The result was nothing less than embarrassing. Paul blasts them: “One person remains hungry and another gets drunk. Don’t you have homes to eat and drink in? Or do you despise the church of God by humiliating those who have nothing? What shall I say to you? Shall I praise you? Certainly not in this matter!” Instead of being an occasion for unity, their celebration of the Lord’s Supper became an opportunity for two groups in the church to emerge — the “haves” and the “have-nots.” Their celebration of the Lord’s Supper was the opposite of when we say, “We who are many, are one body, for we all share the one loaf.”
The rich in the Corinthian church used the Lord’s Supper to underscore that there were a lot of different kinds of bread, some of them resembled a fresh croissant, and some of them resembled a package of squished Wonder Bread. This is the context that Paul says, “So then, whoever eats the bread or drinks the cup of the Lord in an unworthy manner will be guilty of sinning against the body and blood of the Lord. Everyone ought to examine themselves before they eat of the bread and drink from the cup. For those who eat and drink without discerning the body of Christ eat and drink judgment on themselves.”
When these verses are taken out of context, the result is disastrous. They’re read as saying, “if you have sin in your life when you take the Lord’s Supper, you will be sinning against the body and blood of the Lord.” That’s why many traditions encourage personal examination of sin prior to taking the Lord’s Supper so that if there is sin, they should hold off from taking the Lord’s Supper and avoid eating and drinking judgment on themselves. Now, examining oneself for sin with the intent to repent is a good and healthy practice. One that many of us may do well to adopt. But when we feel as though our sin is a barrier to the means of grace in the Lord’s Supper, the result is tragic. The sacraments have always been seen as a means of grace — a channel through which God gives his gift. Yet because of this misinterpretation of Scripture, the very people who might most benefit from receiving the means of grace in the Lord’s Supper are denied from partaking — thinking themselves unworthy.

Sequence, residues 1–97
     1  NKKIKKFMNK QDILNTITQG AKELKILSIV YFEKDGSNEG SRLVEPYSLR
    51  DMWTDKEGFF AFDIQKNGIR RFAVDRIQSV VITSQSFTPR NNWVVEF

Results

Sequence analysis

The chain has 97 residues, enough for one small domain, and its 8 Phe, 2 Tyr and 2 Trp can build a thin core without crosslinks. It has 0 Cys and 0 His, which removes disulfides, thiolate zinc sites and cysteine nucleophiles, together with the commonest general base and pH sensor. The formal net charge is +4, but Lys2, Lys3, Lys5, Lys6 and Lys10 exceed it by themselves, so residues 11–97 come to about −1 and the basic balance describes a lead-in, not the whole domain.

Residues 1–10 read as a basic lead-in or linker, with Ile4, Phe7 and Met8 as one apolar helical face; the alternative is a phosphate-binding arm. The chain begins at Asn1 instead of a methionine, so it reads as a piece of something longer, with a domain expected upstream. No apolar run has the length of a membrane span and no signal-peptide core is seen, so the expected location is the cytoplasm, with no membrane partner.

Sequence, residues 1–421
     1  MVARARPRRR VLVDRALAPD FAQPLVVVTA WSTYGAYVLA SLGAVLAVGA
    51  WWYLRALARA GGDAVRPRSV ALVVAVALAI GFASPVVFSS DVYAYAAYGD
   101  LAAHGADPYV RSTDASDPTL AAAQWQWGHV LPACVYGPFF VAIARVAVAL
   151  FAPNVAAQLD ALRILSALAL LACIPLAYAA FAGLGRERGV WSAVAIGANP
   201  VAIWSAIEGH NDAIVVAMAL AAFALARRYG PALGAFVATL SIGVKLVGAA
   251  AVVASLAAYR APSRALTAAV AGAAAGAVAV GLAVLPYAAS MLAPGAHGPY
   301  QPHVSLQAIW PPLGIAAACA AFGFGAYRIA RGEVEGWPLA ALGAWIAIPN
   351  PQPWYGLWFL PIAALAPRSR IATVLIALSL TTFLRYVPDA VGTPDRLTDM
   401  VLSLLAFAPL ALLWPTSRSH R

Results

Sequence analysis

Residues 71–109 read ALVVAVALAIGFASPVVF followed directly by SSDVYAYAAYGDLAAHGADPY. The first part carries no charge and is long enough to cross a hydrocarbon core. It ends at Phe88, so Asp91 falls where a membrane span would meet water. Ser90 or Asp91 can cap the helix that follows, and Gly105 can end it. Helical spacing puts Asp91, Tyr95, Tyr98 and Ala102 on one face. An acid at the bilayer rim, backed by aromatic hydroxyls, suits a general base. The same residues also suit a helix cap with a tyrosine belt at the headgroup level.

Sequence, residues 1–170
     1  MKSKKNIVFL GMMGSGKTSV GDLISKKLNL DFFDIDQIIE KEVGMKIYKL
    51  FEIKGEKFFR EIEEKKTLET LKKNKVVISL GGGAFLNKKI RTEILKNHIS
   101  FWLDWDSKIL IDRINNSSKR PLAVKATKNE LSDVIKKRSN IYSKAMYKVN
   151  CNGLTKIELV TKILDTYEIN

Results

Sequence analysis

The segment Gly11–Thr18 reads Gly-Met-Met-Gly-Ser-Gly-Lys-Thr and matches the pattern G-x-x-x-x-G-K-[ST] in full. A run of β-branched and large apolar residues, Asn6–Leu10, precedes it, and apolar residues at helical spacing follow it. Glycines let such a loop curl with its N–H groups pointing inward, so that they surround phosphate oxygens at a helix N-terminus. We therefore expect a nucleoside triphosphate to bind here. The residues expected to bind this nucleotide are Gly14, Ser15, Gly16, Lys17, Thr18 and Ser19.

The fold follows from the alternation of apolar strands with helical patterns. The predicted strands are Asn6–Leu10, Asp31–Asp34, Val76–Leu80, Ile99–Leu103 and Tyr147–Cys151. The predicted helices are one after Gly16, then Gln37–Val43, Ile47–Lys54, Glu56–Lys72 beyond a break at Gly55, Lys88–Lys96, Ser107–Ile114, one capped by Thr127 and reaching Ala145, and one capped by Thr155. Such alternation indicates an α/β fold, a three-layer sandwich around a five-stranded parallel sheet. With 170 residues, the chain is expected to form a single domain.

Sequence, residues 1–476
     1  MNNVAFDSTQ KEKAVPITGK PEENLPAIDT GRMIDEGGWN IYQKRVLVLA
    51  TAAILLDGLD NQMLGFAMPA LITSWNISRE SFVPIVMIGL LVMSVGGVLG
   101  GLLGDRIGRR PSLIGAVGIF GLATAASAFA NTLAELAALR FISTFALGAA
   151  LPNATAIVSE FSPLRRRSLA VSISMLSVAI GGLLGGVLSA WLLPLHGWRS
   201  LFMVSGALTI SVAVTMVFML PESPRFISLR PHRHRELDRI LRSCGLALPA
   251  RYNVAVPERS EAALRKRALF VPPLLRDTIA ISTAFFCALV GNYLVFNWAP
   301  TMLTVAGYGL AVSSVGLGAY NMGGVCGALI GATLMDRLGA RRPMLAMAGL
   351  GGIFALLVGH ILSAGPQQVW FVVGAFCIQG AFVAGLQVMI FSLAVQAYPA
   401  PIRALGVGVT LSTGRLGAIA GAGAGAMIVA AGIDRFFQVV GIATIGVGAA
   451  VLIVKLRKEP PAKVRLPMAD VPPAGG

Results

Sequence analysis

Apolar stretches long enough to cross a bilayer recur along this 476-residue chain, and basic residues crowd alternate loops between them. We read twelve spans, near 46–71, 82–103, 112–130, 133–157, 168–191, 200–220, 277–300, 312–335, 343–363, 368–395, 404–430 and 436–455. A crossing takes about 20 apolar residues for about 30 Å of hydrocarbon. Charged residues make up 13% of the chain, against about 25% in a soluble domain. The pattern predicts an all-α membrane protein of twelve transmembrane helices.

Again, it's like someone saying to a sick person, “No, you can’t see the doctor. Come back when you get well.” Remember, the issue Paul is addressing is that a disgusting form of "classism" had reared its ugly head in their worship service. That’s why Paul says, “For those who eat and drink without discerning the body of Christ eat and drink judgment on themselves.” Again, they need to discern that they are one loaf. There are no individual croissants. This harkens back to what Paul said about the Lord’s Supper in the chapter before — “Is not the bread that we break a participation in the body of Christ? Because there is one loaf, we, who are many, are one body, for we all share the one loaf.” The body of Christ is represented by the loaf of bread, but also by the church.